By Mark Michael

The Most Rev. Geoffrey Smith, Archbishop of Adelaide, was elected primate of the Anglican Church in Australia through an electronic balloting process on April 6. Anne Hywood, General Secretary of General Synod confirmed the election in a letter to members of the church’s governing body the following day. Smith has been elected to a six-year term, and will take office immediately. He succeeds Archbishop Philip Freier of Melbourne, who stepped down from the primatial role on March 31.

The new election came a little more than three weeks after a deadlocked primatial board of electors failed to give Smith a majority in all three of the board’s houses. While winning comfortable majorities in the houses of bishops and laity, a group of clergy from the Diocese of Sydney and their allies held out for GAFCON-Australia chair Bishop Richard Condie of Tasmania, holding Smith one vote short of a majority in four of the seven ballots cast.

The Melbourne Anglican reports that Smith won clear majorities in all three houses this time. The Rev. David Ould, a priest from the Diocese of Sydney reported on his blog that this “follows a decision to abstain by a number of those clergy who had previously voted for Bishop Condie of Tasmania.”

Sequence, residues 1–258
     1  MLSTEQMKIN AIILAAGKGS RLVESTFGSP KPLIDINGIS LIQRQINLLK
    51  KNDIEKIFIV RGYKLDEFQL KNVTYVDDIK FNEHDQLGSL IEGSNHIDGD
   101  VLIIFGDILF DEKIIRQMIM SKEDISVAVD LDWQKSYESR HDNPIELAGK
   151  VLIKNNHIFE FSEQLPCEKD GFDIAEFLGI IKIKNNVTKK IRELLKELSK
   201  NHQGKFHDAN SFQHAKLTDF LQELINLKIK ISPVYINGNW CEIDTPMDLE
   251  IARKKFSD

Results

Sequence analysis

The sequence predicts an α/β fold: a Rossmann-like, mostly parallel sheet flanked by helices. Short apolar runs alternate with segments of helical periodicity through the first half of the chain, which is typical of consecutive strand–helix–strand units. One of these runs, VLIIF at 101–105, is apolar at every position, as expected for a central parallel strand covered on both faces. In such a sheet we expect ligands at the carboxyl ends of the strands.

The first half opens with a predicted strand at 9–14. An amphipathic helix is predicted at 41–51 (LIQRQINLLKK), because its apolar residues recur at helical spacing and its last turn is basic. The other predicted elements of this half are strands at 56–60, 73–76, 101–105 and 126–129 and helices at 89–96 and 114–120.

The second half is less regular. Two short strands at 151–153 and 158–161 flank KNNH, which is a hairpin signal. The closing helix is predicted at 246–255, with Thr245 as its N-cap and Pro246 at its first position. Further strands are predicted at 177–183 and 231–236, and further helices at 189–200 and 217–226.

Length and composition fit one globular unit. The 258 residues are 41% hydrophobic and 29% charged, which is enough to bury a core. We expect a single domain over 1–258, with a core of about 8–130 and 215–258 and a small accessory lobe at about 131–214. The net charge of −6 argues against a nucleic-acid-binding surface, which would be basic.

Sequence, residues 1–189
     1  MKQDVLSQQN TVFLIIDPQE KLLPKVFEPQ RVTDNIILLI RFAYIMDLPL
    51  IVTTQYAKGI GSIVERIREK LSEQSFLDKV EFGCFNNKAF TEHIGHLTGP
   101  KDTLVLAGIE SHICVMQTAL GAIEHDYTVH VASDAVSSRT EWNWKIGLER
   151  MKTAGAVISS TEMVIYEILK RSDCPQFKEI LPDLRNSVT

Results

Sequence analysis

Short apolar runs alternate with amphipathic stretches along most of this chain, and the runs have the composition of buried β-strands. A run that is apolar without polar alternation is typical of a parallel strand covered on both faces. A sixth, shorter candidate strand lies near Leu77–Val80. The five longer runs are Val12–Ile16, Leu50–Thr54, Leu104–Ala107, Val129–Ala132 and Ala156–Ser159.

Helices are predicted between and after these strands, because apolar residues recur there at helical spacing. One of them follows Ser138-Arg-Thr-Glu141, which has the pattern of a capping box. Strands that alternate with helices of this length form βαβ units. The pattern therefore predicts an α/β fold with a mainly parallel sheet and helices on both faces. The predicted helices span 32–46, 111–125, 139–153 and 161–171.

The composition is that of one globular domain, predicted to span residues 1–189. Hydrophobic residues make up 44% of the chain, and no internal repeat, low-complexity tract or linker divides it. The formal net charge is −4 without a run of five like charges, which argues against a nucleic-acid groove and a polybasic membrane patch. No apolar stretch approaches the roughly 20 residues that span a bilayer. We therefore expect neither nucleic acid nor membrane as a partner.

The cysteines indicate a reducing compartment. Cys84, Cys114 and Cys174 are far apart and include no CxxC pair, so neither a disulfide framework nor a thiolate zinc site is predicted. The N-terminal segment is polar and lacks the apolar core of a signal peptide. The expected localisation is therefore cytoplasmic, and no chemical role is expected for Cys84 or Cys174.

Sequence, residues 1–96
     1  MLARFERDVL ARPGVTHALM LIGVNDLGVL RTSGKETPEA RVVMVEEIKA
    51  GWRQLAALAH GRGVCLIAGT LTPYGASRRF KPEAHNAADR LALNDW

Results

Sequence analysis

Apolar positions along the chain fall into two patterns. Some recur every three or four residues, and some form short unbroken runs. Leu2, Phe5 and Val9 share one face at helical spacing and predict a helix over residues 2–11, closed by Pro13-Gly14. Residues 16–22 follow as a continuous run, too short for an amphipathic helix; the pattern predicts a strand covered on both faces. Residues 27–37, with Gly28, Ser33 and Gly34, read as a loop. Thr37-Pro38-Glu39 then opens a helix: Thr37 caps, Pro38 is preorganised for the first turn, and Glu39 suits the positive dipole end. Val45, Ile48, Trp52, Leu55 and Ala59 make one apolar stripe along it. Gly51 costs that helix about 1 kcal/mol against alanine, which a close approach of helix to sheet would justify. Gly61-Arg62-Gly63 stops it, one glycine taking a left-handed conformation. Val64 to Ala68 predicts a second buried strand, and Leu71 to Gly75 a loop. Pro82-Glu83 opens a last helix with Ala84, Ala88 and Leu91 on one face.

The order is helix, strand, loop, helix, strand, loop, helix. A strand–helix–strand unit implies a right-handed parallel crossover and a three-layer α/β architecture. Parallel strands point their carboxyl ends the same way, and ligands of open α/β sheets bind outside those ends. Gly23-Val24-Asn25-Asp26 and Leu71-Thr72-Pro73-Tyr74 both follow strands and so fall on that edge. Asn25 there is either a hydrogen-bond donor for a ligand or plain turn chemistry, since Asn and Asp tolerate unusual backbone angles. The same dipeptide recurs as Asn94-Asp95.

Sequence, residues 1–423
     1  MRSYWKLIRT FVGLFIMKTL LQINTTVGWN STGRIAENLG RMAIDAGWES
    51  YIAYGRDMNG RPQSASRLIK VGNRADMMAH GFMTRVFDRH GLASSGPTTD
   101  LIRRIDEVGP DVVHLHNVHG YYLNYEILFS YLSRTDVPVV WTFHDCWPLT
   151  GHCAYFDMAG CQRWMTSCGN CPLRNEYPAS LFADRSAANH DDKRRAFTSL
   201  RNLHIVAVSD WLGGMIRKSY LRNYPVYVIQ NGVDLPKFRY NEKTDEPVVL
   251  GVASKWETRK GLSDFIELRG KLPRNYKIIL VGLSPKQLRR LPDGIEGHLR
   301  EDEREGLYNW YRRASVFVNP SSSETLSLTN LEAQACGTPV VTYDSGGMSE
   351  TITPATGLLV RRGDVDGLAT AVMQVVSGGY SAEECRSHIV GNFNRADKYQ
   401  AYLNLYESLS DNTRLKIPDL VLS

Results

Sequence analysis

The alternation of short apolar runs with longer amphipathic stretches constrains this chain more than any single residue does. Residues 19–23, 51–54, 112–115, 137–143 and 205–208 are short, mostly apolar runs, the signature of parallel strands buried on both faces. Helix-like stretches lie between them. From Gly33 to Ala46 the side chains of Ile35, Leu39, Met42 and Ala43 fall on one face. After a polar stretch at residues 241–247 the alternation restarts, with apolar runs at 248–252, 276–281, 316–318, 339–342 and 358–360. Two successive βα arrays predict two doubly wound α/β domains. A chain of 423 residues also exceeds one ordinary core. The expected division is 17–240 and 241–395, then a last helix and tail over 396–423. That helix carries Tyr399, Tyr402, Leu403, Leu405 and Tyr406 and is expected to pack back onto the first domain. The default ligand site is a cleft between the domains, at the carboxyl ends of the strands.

Smith, a moderate who holds traditional views on marriage, is a native of rural New South Wales. He has served as Archbishop Adelaide since 2017. His earlier ministry included mission service in Papua New Guinea, leadership of the Anglican Church of Australia’s Mission Board, and a suffragan bishopric in the Diocese of Brisbane.

Archbishop Smith told Anglican News Service: “I am very conscious of the enormous privilege we the church have in sharing the mission of Christ, and the importance of unity in that task. My prayer is that our unity might be strengthened to better enable the witness and work of the church in the world.”

The meeting of the Australian Church’s General Synod that had been previously scheduled for June has been postponed until 2021 because of the COVID-19 assembly restrictions. The synod was expected to be contentious, as the church aimed to articulate a common response to the Diocese of Wangaratta’s decision last summer to allow the blessing of same-sex unions. Last September, Smith’s predecessor, Archbishop Philip Freier, referred Wangaratta’s canonical change to the Appellate Tribunal, the Australian church’s highest judicial body. A decision on the case is still awaited, and acting on it will likely be among the early challenges of Smith’s ministry as primate.